The following is a transcript of a report from "Full Measure with Sharyl Attkisson." Watch the video by clicking the link at the end of the page.
Scientists have discovered a hard reality when it comes to our everyday drinking water: it’s now loaded with a frightening array of contaminants from pesticides to prescription medicine — that are not filtered out and can pose all kinds of health risks. We spoke to Seth Siegel, author of Troubled Water, about how this could have happened and the dangers it poses.
Sharyl: When we're talking about what's in the water, what are some of the things that's in our water that might surprise people?
Seth Siegel: Well, we know for sure that widely there are chemicals like PFOA, the active ingredient in Teflon. We know for sure this thing called PFOS which is an active ingredient in the Scotchguard that you spray on your textiles—
Sharyl: —Cancer-causing chemicals?
Siegel: Yes, definitely cancer causing and endocrine disrupting, which means the fancy term for the fact that it affects your hormonal system. So pesticides and herbicides, they're created to interfere with the reproductive life of a weed or of an insect. Well, that then gets washed into the water supply. We humans start to drink it. And even though it's very small doses of it, it's affecting us as well.
Sharyl: What are some of the pharmaceuticals, the medication that we find in our water? And isn't that cleaned out when there's normal purification process that goes on in municipalities?
Siegel: You would hope so. You would think so. I assumed so. When I started doing the research for my book, this is what shocked me and led me to write the book. What we have for example all over the country, we have examples of where mostly through fish research we discover that products that we humans use on a daily basis are now in the fish. 50% of the fish they studied in the Great Lakes had psychiatric drugs in their brains and their organs. So, Prozac, Celexa, and drugs like that and generics. The only way it comes into the water supplies, humans take those pills, they pee it out after they've taken it a few hours later. It gets flushed through the wastewater treatment system into a waterway. All perfectly legal. Exactly compliant with the law. And then it gets uptaken in fish. It gets uptaken in our drinking water. It gets uptaken in the water we use for our irrigation.
Sharyl: Was there a study that shows that hormones in the water is leading to what we would call transgender fish?
Siegel: Yeah, I don't want to call it transgender fish, but I will call it intersexual fish. One recent study looked at 19 rivers and they found that there was a very high level of male fish that were now growing eggs from the estrogen from the estrogen that is getting into the water. Now, some of that comes from birth control pills. Some of that comes from animal feed, some of that comes from other natural sources. Now whether it has an effect on, on human gender selection, that's a bridge too far. But there are people, not me, but there are people who have the suspicion that that may be the cause.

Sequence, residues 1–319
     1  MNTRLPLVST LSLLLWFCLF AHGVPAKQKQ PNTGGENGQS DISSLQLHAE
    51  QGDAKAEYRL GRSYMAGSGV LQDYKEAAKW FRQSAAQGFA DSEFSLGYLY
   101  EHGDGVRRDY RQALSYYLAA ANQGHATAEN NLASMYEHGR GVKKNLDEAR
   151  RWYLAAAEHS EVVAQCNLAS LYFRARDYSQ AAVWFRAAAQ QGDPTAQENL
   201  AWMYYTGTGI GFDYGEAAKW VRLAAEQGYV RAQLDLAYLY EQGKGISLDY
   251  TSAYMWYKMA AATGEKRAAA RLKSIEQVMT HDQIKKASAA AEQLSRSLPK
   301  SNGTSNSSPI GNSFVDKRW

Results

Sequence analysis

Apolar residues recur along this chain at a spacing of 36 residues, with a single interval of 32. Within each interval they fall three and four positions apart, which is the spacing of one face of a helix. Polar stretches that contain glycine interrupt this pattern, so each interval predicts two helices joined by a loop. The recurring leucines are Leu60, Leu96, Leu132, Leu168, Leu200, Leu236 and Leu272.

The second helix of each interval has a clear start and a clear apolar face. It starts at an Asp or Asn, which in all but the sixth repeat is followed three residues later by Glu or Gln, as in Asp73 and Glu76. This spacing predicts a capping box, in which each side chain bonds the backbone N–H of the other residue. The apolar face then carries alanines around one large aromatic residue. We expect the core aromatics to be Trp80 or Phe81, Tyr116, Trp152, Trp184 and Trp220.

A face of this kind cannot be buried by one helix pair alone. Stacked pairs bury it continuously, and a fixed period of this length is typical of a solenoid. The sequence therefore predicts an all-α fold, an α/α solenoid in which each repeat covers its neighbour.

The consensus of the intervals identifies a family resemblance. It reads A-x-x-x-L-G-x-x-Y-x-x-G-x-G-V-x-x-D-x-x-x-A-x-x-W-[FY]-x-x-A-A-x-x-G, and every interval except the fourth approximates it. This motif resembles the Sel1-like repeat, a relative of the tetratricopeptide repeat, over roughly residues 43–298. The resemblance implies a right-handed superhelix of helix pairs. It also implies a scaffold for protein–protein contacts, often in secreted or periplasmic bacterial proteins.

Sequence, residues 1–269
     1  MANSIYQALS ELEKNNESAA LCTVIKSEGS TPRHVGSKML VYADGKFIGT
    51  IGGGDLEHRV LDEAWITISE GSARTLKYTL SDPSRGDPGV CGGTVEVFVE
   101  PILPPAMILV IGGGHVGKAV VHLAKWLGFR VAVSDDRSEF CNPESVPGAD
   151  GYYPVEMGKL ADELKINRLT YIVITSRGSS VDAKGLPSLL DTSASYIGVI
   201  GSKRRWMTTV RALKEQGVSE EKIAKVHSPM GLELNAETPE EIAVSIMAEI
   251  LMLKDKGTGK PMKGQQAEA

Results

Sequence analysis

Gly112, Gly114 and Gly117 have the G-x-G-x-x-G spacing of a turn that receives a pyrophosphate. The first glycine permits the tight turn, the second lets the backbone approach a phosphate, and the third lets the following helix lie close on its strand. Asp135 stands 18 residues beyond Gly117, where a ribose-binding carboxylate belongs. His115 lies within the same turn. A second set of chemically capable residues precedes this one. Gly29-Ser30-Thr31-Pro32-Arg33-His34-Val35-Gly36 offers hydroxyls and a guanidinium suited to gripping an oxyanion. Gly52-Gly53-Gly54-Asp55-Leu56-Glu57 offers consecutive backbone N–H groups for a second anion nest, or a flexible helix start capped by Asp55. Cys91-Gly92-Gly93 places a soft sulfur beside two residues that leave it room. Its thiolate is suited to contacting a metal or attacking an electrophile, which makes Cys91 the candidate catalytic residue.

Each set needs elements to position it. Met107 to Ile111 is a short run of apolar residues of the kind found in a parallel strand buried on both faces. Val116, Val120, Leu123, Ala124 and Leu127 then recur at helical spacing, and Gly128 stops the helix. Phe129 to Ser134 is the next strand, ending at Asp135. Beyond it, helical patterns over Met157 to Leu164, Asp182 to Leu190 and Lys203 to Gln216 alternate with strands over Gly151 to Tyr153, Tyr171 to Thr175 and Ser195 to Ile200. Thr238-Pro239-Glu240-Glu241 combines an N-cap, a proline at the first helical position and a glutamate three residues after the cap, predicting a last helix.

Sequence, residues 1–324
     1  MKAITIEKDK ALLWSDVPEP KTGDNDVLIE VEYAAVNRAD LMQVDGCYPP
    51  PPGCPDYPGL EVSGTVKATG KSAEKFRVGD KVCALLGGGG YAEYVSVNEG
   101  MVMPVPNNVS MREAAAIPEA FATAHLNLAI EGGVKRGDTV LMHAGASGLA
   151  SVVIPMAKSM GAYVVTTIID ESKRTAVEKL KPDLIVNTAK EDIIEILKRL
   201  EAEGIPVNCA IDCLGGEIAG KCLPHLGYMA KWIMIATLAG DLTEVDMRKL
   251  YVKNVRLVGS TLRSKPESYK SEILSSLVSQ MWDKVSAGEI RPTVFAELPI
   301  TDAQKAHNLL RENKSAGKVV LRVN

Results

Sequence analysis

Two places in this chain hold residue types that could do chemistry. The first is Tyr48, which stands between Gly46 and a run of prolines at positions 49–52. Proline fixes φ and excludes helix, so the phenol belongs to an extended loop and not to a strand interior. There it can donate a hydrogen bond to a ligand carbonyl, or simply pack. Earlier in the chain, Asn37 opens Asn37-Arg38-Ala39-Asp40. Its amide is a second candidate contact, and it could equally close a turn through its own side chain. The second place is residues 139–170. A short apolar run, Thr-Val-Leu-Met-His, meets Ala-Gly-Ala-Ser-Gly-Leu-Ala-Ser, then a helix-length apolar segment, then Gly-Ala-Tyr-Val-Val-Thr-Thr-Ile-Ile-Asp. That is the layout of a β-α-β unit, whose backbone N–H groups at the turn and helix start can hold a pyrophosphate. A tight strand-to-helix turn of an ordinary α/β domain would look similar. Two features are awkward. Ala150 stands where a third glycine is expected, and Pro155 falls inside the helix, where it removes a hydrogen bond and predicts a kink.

Sharyl: We have federal agencies that we have paid billions of dollars to for this very purpose. I mean there are a few things more important probably then protecting the safety of our water supply. So how has this been allowed to happen?
Siegel: Frankly, Sharyl, this is precisely why I wrote this book. It is not to write a book. It is to hopefully to launch a movement where people will say, I demand better oversight and I demand better drinking water for myself and for my children.
Siegel says there is something that the federal EPA should be doing: mandating use of technology to filter out these contaminants. He says it exists and isn’t terribly expensive, it’s just that hardly anyone is using it. One place that is: Orange County, California.
John H Holcombe, MD says
This guy is hyping his book. As a physician, this 'news' reminds me of the Alar scare. Does the author present any scientific data, such as chromatography, that shows any hormones? It's critical that data must be presented other than word-filled claims.
Ric Robinson says
Great article about our chemically induced polluted potable water sources. Good thing is that There are some natural springs that are still pure, but companies like Nestle’s are seeking these out and then muscle their way into these areas (northwest Florida in this case) and literally bottle and sell these for a mere expense to profit margin.s. The pure spring water never makes it downstream to replenish the other streams, lakes and aquifers that at least dilute the pollution.
As for the reference to the fish reproductive exposures, I am curious if this is all species or an observation of a few species. There are species’ whose natural lifecycle start as male and then mature into female (Snook, Red drum, etc.).